Why?

When an applicant for Pennsylvania unemployment claimant loses a job through no possible fault of their own (i.e. part of a RIF, for lack of work or due to lay-off), the applicant is eligible for benefits and will begin to be paid benefits immediately.

However, immediately after the application is processed (i.e. at the same time the first check for benefits is being paid to the applicant) the Pennsylvania Service Center then writes the employer to ask it why the claimant is no longer employed.

Fraud or At Fault Overpayments -
Not a Good Thing
If the employer writes back and says the claimant was fired due to X (willful misconduct), the DOL most often: 1) brands the claimant a liar (based on a false application); 2) denies the claim (finding that the claimant engaged in willful misconduct no matter what because he/she lied on the application) and issues a fraud overpayment finding, seeking all paid benefits back with penalties (because the benefits were paid were made due to the lie on the application).

You Can Still Win Benefits, and Remove the Overpayment Finding, if You Prove at a Pennsylvania Unemployment Referee Hearing That You Were Not Fired for Willful Misconduct

If The Employer Cannot Prove You Engaged in "Willful Misconduct" -
You Become Eligible for Benefits Again and the Overpayment Evaporates
If you are involved in the above scenario, all is not necessarily lost.  That is so because there is no separate penalty for making a "false" statement on your application for benefits.

That means that is you win at the Referee Hearing  (i.e. defeat the employer's claim that you engaged in willful misconduct), you will not only start getting benefits again, but the overpayment finding is wiped out as well.

NOTE 3:  I have found that many employees disbelieve the reasons told to them for why they were being let go, instead choosing to believe that there was some other reason (i.e. they were being let go as a cost-cutting move, due to lack of work, etc.) for the termination.  Thus, when they apply for benefits, they list what they believe to be "the real reason" for their termination (i.e. lack of work or lay-off).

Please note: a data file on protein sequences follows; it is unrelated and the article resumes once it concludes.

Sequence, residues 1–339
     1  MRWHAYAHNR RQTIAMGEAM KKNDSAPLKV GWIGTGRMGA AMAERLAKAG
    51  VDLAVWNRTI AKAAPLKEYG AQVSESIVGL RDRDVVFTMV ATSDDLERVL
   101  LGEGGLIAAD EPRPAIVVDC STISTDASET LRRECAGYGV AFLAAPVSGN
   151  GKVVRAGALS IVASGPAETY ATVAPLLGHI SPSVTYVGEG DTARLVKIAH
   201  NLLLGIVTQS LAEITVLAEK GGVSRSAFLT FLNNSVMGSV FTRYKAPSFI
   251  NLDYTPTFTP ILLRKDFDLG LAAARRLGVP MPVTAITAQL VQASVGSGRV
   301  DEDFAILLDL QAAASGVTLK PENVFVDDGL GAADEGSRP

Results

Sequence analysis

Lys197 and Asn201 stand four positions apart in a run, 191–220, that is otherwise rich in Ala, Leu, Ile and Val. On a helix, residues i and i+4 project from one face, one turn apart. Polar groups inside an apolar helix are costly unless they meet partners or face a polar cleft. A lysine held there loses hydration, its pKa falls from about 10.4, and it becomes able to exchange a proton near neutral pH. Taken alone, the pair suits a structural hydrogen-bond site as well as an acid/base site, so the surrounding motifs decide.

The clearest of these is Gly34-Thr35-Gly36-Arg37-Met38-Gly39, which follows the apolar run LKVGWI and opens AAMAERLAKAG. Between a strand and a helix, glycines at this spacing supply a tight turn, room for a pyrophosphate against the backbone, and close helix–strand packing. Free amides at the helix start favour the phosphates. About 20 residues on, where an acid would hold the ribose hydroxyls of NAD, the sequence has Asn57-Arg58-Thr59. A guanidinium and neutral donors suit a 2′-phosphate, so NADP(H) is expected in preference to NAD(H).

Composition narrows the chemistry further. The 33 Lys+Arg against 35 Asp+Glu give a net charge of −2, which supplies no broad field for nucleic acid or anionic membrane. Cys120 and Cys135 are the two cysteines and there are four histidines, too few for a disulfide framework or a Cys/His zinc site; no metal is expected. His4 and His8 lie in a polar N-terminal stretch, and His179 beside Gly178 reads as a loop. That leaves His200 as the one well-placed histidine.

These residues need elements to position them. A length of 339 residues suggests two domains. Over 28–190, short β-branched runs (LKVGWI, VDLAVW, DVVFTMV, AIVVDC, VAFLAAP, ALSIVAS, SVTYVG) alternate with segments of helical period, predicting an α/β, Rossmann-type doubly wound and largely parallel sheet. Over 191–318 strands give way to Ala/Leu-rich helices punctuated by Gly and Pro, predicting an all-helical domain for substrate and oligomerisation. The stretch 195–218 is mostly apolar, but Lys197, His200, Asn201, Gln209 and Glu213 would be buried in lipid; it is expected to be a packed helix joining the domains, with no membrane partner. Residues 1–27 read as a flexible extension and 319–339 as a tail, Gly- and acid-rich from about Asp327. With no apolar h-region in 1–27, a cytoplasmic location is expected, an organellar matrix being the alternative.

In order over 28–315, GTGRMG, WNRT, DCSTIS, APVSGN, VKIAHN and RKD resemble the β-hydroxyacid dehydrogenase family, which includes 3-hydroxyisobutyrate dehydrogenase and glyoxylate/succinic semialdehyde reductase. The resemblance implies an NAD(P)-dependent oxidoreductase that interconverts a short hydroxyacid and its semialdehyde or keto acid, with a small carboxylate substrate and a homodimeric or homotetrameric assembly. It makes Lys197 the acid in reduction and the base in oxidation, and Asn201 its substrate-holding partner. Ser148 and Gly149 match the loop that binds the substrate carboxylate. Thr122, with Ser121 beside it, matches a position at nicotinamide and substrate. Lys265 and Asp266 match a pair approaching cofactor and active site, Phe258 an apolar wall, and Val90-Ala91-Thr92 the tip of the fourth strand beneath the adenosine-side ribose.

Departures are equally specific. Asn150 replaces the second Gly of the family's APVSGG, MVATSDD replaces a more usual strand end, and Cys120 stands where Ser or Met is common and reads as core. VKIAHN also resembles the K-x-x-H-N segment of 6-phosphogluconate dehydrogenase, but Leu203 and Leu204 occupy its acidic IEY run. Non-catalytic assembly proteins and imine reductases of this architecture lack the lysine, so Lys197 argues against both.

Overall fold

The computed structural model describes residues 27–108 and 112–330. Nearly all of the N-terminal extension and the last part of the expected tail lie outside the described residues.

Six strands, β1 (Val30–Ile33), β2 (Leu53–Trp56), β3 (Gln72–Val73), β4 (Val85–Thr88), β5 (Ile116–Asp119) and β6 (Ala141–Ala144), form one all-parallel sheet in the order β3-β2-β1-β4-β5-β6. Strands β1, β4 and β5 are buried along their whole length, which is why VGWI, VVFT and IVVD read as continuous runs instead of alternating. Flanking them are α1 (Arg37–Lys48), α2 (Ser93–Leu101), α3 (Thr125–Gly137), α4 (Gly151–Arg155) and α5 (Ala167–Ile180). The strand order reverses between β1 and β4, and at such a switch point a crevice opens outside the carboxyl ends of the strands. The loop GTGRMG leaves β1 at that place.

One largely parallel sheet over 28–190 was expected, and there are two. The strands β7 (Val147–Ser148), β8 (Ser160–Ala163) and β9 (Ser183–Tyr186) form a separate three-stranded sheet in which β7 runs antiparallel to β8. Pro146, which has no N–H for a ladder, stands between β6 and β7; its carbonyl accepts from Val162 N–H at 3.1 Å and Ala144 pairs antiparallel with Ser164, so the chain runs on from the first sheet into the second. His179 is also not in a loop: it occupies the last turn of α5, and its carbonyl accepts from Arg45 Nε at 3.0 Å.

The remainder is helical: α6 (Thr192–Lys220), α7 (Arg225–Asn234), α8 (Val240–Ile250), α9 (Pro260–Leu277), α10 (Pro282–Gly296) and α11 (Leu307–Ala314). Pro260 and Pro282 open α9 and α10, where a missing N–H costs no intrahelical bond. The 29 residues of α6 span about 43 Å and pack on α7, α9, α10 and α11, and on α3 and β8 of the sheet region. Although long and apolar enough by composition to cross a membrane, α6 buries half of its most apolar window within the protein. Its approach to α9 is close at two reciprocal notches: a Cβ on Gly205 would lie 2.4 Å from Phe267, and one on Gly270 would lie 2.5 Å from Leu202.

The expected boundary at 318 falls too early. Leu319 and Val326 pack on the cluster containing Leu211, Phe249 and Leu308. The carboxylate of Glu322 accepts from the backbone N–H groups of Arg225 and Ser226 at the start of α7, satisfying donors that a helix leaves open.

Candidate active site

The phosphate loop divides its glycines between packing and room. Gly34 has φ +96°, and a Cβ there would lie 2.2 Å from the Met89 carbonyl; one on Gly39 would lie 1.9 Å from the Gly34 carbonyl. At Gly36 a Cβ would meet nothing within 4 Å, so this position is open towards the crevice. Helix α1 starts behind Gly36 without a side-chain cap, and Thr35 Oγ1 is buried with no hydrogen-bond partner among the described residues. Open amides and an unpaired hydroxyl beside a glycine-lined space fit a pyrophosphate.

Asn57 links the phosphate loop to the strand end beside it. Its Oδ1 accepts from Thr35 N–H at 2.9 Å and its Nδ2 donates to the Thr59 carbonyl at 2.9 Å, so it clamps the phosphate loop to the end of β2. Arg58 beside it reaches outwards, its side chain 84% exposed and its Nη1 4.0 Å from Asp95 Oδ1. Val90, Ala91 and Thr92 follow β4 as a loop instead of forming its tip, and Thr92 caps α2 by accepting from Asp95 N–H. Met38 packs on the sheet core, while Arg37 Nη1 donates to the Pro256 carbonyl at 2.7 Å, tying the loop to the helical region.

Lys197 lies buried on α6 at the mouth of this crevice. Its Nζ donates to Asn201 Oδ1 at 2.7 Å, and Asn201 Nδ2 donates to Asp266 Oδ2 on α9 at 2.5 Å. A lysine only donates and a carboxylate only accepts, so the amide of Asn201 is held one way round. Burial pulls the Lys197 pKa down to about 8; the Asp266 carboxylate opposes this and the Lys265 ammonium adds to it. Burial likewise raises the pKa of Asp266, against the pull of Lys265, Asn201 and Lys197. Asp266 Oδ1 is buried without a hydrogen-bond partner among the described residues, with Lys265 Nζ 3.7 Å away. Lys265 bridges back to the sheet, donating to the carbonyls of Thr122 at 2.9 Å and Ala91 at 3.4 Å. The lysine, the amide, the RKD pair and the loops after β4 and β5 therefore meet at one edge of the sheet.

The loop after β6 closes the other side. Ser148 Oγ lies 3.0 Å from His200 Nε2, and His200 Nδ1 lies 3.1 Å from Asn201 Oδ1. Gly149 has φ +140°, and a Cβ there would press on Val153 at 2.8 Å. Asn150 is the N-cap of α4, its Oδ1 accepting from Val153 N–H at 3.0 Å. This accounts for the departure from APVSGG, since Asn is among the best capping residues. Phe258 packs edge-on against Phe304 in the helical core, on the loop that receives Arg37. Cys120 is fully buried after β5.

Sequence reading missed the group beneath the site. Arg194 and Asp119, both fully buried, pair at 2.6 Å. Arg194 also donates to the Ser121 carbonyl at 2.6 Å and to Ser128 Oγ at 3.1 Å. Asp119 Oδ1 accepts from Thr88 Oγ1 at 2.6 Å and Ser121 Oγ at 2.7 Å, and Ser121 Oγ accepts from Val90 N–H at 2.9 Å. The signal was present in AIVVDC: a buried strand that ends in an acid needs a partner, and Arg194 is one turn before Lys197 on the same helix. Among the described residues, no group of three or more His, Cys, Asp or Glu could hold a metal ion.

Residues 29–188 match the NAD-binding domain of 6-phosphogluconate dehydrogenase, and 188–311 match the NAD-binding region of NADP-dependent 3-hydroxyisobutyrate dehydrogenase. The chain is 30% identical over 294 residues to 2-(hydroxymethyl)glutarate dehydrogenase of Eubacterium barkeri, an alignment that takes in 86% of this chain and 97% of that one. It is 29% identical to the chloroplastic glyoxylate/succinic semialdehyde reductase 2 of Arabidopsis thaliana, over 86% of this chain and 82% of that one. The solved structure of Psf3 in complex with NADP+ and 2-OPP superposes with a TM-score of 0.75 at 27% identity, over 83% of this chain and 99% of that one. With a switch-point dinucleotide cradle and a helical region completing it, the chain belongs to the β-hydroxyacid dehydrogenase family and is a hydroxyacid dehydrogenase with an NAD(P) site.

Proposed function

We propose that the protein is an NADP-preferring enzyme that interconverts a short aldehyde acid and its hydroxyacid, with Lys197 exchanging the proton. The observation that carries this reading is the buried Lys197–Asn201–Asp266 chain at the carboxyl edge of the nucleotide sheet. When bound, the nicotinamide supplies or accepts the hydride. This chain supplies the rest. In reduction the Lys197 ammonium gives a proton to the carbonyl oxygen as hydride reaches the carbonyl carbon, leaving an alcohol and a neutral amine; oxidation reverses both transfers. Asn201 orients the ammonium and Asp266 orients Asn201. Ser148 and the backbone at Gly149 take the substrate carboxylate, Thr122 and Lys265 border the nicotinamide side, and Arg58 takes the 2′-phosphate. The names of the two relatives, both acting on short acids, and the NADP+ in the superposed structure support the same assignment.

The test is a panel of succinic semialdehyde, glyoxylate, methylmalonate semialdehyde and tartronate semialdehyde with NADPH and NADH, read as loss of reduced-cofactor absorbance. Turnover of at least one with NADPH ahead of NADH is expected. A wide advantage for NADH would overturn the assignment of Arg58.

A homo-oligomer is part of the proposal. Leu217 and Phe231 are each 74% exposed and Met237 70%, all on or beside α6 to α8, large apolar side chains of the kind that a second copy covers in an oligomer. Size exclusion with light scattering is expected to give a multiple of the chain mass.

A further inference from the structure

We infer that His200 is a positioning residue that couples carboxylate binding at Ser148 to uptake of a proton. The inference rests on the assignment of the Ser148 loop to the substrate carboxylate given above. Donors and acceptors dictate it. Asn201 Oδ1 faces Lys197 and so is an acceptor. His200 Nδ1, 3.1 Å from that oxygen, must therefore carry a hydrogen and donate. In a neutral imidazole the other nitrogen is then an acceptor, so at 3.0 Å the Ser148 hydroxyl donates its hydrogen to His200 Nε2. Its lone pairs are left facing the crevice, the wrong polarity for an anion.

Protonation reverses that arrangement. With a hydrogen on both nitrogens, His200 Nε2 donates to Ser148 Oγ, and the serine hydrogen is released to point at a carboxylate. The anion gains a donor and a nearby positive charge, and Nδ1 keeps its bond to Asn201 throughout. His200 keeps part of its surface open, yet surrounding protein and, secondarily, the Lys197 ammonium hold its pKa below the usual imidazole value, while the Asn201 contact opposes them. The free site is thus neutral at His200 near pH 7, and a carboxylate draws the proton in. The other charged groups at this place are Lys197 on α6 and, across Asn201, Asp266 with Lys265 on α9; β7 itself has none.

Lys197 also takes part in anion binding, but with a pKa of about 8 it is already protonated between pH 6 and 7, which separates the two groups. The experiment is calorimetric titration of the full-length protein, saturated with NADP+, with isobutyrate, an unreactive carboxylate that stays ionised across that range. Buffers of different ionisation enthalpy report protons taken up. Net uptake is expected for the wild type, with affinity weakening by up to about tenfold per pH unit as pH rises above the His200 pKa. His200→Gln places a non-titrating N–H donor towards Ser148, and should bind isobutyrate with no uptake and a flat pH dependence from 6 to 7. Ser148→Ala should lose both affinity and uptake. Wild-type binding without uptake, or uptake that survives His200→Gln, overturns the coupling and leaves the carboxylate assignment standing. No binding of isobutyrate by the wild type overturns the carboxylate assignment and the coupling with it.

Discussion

For reasons explained above, this is not a sound idea.  List the reason that the employer told you for your separation of employment on the application.  This will not only increase your chances of winning the initial determination, but will help you avoid an at fault or fraud overpayment determination.   

Click Here to see the Department of Labor's explanation concerning overpayments.

Helping Pennsylvania Employees Since 1991
Philadelphia Area Employment Attorney Representing Employees

John A. Gallagher is an employment lawyer who represents employees in Pennsylvania. 

John typically represents workers who need an employment lawyer in Philadelphia County, Chester County, Delaware County, Bucks County, Berks County, Lancaster County and Montgomery County.

Pennsylvania Employment Attorney Provides Free Telephone Consultations

If you are looking for an employment lawyer, and live in Malvern, Paoli, Wayne, King of Prussia, Downingtown, Glenside, Doylestown, Radnor, Newtown Square, Exton, Philadelphia, West Chester, Lansdale, Pottstown, Haverford, Nether Providence, Broomall, Drexel Hill, Reading or any of their surrounding towns, feel free to send me an e-mail or give me a call.  I am always glad to spend some time with people via a free telephone consultation.

Need an Employment Labor Lawyer Near Philadelphia?

Click Here if you have questions about any aspect of employment law, from wrongful termination, to wage and overtime claims, to discrimination and retaliation laws, to Family and Medical Leave

Click Here if you have questions about any aspect of Pennsylvania Unemployment Law, from willful misconduct, to voluntary quit, to Referee Hearings, to severance issues